“One of many hearing-related challenges nursing homes and senior facilities face is that hearing loss is under diagnosed and not considered a priority,” said Willink, drawing from her research. She points to several reasons for this, such as individuals living in nursing homes often having significant competing—and often serious—health priorities.
“What needs to be more broadly appreciated is how hearing loss can impede the management of one's health and well-being if there are communication breakdowns between the individual and carer,” she noted.
CHALLENGES ON THE FRONT LINES
Those on the front lines in these facilities and those responsible for direct patient care have a different view.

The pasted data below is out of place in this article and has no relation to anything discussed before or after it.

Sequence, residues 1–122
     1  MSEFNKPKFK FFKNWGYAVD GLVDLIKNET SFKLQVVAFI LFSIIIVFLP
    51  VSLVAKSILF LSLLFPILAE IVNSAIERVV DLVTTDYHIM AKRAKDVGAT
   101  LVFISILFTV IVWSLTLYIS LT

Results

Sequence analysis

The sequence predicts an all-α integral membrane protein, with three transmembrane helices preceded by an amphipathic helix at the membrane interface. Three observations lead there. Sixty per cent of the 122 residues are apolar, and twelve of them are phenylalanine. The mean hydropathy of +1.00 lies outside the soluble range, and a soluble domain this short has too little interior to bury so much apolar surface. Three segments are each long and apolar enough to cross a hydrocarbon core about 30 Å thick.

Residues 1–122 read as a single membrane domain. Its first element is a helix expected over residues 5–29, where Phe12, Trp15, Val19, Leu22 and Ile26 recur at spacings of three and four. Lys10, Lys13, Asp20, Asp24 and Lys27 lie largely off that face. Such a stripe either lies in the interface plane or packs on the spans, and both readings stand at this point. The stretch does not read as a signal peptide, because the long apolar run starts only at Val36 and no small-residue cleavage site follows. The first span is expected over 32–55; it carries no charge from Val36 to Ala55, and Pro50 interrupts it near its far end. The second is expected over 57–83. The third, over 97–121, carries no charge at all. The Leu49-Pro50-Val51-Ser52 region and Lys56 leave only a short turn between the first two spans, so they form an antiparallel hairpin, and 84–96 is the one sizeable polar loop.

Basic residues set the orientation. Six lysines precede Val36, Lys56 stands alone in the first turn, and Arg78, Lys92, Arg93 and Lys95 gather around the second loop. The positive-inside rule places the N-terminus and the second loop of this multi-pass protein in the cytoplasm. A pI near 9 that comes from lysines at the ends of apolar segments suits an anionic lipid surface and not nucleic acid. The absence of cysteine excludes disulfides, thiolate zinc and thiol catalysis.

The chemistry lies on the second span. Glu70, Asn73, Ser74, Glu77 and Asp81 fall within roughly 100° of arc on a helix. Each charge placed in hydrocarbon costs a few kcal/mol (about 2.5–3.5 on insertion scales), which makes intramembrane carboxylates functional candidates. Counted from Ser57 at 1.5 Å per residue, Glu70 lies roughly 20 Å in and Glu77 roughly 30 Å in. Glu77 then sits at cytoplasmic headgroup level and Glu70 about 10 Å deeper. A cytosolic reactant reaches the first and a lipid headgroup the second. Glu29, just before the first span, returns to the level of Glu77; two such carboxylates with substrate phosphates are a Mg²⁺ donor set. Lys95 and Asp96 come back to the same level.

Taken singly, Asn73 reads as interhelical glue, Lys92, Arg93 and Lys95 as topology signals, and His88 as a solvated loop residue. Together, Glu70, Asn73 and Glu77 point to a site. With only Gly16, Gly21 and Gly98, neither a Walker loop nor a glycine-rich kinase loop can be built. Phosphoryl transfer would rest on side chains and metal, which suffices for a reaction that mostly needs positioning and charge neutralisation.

Pimentel has been on the field going on six years now. While working in long-term senior care was not his original goal in nursing since he wanted to be a psychiatric nurse, he finds that working in long-term senior care has exposed him to different cases that are good for his overall growth as a nurse.
“In my experience at nursing homes, the top hearing-related challenge is dealing with the stubborn ones, the ones who deny the fact that they have hearing loss,” he said. He also noted encountering patients who are often confused and ones who are physically and/or verbally aggressive.
“It gets frustrating for the staff,” he shared. “And you'll need to spend extra time on their care. For my shift at 11 a.m. to 7 p.m., there are only three staff members on my floor, one nurse, and two nursing assistants for 39 patients. It gets crazy.”
Nonetheless, Pimentel said his co-workers are trained to look for signs of hearing loss.